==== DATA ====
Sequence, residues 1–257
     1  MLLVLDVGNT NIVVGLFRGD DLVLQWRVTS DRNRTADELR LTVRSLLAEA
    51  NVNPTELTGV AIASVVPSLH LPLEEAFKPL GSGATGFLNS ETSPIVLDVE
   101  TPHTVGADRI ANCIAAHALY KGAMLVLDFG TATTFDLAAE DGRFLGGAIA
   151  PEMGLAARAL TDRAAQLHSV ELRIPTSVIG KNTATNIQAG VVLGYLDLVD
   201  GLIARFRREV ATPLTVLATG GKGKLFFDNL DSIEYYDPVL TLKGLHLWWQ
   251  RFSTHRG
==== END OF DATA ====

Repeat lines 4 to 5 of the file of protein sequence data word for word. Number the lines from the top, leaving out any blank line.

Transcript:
   101  TPHTVGADRI ANCIAAHALY KGAMLVLDFG TATTFDLAAE DGRFLGGAIA
   151  PEMGLAARAL TDRAAQLHSV ELRIPTSVIG KNTATNIQAG VVLGYLDLVD